Zeek Network Security Monitor v2.6.3 release: powerful network analysis framework
Zeek Network Security Monitor
Zeek is a powerful framework for network analysis and security monitoring. It is a powerful system that on top of the functionality it provides out of the box, also offers the flexibility to customize analysis pretty much arbitrarily
Zeek’s domain-specific scripting language enables site-specific monitoring policies.
Zeek targets high-performance networks and is used operationally at a variety of large sites.
Zeek is not restricted to any particular detection approach and does not rely on traditional signatures.
Zeek comprehensively logs what it sees and provides a high-level archive of a network’s activity.
Zeek comes with analyzers for many protocols, enabling high-level semantic analysis at the application layer.
Zeek keeps extensive application-layer state about the network it monitors.
Zeek interfaces with other applications for real-time exchange of information.
Zeek comes with a BSD license, allowing for free use with virtually no restrictions.
While focusing on network security monitoring, Zeek provides a comprehensive platform for more general network traffic analysis as well. Well grounded in more than 20 years of research, Zeek has successfully bridged the traditional gap between academia and operations since its inception. Today, it is relied upon operationally by both major companies and numerous many educational and scientific institutions for securing their cyberinfrastructure.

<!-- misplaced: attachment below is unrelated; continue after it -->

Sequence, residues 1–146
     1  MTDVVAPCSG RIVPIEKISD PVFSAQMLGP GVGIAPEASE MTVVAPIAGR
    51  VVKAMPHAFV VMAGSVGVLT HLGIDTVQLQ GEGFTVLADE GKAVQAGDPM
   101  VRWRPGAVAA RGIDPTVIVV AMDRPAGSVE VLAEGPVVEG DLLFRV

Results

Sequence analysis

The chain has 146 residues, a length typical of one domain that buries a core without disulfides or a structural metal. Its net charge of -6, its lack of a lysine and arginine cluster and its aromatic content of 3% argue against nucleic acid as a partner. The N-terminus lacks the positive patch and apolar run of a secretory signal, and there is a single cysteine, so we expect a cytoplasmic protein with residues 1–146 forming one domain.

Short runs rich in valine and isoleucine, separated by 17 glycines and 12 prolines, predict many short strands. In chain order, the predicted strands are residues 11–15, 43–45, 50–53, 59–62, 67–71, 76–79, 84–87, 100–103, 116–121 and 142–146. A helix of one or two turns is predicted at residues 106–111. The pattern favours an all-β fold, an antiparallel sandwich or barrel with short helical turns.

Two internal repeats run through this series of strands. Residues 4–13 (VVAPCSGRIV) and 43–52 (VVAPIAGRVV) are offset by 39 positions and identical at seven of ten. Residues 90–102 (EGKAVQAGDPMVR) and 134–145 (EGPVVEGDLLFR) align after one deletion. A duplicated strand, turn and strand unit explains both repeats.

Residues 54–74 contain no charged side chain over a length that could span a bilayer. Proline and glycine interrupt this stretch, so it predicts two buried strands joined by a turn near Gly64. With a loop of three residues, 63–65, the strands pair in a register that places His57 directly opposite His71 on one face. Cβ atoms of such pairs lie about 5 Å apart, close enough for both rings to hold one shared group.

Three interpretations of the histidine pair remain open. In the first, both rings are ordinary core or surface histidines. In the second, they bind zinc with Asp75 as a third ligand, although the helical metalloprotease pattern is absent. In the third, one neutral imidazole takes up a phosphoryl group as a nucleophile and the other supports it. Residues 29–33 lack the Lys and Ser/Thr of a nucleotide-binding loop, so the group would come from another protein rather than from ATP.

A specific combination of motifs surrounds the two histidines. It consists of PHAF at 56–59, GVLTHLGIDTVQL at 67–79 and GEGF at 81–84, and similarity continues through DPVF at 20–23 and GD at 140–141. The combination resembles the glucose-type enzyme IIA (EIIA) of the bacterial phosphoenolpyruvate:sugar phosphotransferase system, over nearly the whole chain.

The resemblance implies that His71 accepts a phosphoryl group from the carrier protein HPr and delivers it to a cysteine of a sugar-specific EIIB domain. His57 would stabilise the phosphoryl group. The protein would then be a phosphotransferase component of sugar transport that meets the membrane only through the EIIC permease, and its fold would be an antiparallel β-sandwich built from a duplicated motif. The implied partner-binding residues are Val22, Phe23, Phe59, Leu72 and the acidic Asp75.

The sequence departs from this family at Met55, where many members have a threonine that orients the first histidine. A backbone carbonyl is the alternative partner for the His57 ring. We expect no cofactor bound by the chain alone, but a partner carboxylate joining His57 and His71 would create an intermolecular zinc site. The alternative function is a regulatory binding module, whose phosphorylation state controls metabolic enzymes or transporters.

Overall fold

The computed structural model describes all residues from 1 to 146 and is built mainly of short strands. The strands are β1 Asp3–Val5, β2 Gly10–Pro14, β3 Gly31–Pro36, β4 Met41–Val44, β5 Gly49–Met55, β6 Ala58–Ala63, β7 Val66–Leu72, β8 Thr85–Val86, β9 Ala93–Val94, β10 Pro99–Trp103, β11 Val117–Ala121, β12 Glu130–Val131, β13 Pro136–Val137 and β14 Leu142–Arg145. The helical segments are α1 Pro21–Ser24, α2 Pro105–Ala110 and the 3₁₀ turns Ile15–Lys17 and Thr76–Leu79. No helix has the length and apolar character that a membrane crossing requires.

Zeek was originally developed by Vern Paxson. Robin Sommer now leads the project, jointly with a core team of researchers and developers at the International Computer Science Institute in Berkeley, CA; and the National Center for Supercomputing Applications in Urbana-Champaign, IL.
Zeek v2.6.3 releases.
This is a security patch release to address potential Denial of Service
- Null pointer dereference in the RPC analysis code. RPC analyzers (e.g. MOUNT or NFS) are not enabled in the default configuration.
- Signed integer overflow in BinPAC-generated parser code. The result of this is Undefined Behavior with respect to the array bounds checking conditions that BinPAC generates, so it’s unpredictable what an optimizing compiler may actually do under the assumption that signed integer overlows should never happen. The specific symptom which leads to finding this issue was with the PE analyzer causing out-of-memory crashes due to large allocations that were otherwise prevented when the array bounds checking logic was changed to prevent any possible signed integer overlow.
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